Final Fantasy IX rolls up many of the things that have been great about JRPGs and Final Fantasy in the past and conjures a wonderful little world that’s imaginatively presented.  But its concepts suffer from a flawed execution that prevents the game from really building into something more impressive.  The experience at large is quite memorable, yet demanding of the audience’s patience.

Rating: 2/4

See also: Trailer, Official Site, More thoughts at Ruminatron5000

Buy it at Amazon (also available on PSN)

Review: Silent Hill: Shattered Memories [0/4]

Fans and critics have been worried that the Silent Hill franchise has become stale after 10 years of games.  At least, that’s a fair assumption to make based on the trend of the metacritic scores for the series.  (Scores are for the Playstation releases of the games.)

  • [86/100] Silent Hill (1999)
  • [89/100] Silent Hill 2 (2001)
  • [85/100] Silent Hill 3 (2003)
  • [76/100] Silent Hill 4 (2004)
  • [78/100] Silent Hill Origins (2007)
  • [71/100] Silent Hill Homecoming (2008)

Konami has seen fit to take the series in a new direction.  Shattered Memories’ developer, Climax, decided to entirely remove central ideas from Silent Hill’s formula in order to force themselves to build something almost completely original.  What exactly has been thrown out?

  • Combat: A big deal has been made about Shattered Memories eliminating the series’ broken combat system altogether in order to focus on pure scares.
  • Violence: Unfortunately it’s hard to scare people if nothing bad will ever happen to them.
  • Supernatural Elements: Supernatural forces have been replaced with “psychological” brow beating to create fear and unease in the player.

The game itself consists of navigating linear areas of Silent Hill. You are periodically required to solve a “puzzle” and every so often you are dropped into the ice covered “nightmare” versions of the town.  There you must attempt to outrun the game’s one and only monster type to solve more “puzzles” and reach the exit.  The reason I put the word puzzle in quotations is because 90% of the time they aren’t puzzles at all.  You run to the area in the room with the white arrow, use the wiimote to access the contents of the container it points to, and voila: you have the key or the answer to exit the room.  They make novel use of the wiimote, but won’t really challenge you.  The other 10% are standard puzzles for the series.  The story unfolds in a series of cut scenes between a therapist and his patient and between Harry and other characters he meets in the town.  Your answers to the therapist’s questions present an indirect interface to branching dialogue.  You’ll say “that’s neat” to yourself as you notice how the town changes based on your answers, but the psychological insights derived by the game aren’t any deeper or specific than your horoscope would be.

The game is mostly interesting if you have a preconceived notion of how the story might play out (based on your experience with the original game.)  You’ll make some key assumptions that are played off of by the game in interesting ways, especially by the ending of the story.  Unfortunately, the story that the game tells can probably be summarized in a paragraph.  The game is mostly about you running: running to your next destination, or running away from the monsters.  Harry is never in any mortal danger though, even in the “nightmare” Silent Hill.  Yes, enemies chase you and scream, but they only seek to tire you out so that they can carry you back to the beginning of the stage.  The game only lasts for about four hours since that’s all the more it will hold your attention before it becomes transparently clear that there’s nothing to see or do.  I played through it four times and it was like I was zoning out waiting for something to happen.  Nothing does until the end.  I didn’t seem to believe it though and I tried again three more times waiting for anything to happen, or trying to find what I missed the first time.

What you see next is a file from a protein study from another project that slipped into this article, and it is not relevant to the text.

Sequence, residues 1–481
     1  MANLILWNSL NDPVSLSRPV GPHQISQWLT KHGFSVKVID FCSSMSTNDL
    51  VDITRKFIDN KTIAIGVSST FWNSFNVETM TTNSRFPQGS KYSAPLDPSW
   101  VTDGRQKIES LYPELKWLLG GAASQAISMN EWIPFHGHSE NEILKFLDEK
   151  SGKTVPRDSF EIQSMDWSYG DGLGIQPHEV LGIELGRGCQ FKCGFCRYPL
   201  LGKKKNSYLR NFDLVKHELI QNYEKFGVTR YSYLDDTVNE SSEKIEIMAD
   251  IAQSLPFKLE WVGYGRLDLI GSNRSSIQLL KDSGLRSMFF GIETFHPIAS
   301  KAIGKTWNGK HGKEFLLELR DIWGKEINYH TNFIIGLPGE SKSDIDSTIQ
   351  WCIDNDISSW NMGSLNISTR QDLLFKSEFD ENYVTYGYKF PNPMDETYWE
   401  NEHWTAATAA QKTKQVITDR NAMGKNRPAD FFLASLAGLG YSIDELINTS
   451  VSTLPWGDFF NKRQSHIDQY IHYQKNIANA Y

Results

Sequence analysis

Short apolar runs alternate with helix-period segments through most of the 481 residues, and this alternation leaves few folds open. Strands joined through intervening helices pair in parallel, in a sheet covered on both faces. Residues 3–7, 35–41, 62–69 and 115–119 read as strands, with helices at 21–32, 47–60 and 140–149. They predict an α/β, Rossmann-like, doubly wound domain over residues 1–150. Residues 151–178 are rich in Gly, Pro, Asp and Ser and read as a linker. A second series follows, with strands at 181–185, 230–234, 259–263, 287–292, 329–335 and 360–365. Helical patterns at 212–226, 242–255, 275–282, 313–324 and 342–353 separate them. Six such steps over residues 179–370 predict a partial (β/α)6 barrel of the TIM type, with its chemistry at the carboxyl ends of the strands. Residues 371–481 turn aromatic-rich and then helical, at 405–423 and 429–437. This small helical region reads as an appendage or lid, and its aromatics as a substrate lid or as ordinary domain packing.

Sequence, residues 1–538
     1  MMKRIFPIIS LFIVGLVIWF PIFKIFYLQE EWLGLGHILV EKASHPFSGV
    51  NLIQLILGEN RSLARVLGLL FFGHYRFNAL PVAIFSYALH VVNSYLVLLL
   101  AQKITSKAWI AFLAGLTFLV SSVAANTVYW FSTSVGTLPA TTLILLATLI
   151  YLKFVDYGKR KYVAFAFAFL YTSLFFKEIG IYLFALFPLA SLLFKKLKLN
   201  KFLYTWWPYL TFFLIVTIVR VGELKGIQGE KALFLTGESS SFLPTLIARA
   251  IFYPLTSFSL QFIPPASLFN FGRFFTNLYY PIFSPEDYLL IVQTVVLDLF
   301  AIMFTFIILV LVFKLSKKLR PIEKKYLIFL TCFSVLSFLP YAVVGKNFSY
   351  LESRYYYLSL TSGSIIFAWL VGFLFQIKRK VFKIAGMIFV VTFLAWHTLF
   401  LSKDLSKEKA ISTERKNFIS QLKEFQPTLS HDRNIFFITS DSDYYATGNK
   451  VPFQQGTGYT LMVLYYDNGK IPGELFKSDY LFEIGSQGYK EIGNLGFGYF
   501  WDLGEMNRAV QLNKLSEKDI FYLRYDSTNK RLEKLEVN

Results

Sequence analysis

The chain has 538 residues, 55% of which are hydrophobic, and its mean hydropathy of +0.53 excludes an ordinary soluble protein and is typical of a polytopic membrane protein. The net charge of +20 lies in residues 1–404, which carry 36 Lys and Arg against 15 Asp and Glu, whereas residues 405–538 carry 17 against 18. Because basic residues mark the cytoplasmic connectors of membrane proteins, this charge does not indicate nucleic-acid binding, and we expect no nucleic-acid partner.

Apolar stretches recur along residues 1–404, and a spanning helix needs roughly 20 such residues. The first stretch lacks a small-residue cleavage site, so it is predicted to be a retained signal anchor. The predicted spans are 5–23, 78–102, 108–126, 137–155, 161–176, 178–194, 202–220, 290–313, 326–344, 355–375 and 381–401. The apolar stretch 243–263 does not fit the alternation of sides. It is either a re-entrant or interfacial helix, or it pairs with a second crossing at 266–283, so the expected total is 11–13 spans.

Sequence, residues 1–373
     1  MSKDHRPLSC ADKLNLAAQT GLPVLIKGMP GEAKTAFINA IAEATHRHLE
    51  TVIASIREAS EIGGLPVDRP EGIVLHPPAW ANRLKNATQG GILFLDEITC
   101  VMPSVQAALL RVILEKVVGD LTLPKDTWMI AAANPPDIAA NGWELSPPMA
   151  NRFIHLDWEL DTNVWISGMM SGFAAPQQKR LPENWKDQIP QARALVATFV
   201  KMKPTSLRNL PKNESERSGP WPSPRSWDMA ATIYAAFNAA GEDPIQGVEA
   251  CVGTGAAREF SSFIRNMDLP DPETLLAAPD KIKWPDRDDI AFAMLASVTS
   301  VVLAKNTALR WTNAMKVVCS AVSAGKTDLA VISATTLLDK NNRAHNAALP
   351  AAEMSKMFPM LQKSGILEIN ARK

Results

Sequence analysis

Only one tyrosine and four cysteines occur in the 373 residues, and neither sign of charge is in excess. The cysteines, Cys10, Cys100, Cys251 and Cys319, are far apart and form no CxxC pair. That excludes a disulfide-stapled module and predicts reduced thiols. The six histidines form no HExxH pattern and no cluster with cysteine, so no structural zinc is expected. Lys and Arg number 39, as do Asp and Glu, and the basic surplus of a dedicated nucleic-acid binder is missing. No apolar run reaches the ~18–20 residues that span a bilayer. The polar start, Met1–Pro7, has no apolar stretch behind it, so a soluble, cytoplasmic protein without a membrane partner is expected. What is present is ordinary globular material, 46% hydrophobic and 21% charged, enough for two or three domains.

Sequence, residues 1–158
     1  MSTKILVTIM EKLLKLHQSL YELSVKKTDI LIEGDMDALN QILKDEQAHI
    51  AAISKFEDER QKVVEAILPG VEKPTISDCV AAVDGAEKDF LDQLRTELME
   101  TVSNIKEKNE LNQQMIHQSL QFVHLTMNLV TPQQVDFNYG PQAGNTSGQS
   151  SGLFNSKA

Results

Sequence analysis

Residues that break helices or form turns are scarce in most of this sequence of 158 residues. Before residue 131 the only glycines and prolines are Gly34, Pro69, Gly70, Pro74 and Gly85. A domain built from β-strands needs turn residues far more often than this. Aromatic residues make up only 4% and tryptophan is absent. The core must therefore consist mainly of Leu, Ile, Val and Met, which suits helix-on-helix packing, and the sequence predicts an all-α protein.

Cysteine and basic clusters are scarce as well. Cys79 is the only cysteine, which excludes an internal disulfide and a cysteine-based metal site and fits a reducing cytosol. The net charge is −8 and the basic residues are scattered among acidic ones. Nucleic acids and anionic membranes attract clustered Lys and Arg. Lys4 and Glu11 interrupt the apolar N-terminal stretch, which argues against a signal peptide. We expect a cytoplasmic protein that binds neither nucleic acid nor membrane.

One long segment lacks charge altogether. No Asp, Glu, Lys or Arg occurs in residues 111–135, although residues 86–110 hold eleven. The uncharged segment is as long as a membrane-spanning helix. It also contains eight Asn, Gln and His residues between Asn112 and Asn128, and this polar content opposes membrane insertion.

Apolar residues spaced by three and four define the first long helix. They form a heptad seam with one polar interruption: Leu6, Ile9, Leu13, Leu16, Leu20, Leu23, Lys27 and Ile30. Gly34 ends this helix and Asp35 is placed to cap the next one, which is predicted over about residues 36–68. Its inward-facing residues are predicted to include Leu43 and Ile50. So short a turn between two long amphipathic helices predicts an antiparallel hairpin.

Unfortunately it seems that the baby has been thrown out with the bath water here.  Concepts that were integral to the series have been discarded and were replaced with what amounts to smoke an mirrors.  The critical reception has been more positive than that for Silent Hill: Homecoming (according to metacritic) but I think that the higher scores are more due to the lack of games for the Wii, and the novelty of the game’s controls, and the therapist sessions.  As a long time fan of Silent Hill I can’t help but feel extraordinarily disappointed with this new direction for the series.  Incidentally, Akira Yamaoka (one of Silent Hill’s primary creative forces) has recently left Konami altogether and the prospects for future games does not look good at this point.  I can’t see any reason to justify purchasing this game for anything more than $10.  Even then, you’re still probably better off just renting it if you really want to play this game.

Rating: 0/4

Rent it at Gamefly, Buy it at Amazon

See Also: Trailer, the best part of the game, my Destructoid community blog post, my Erie Entertainment review.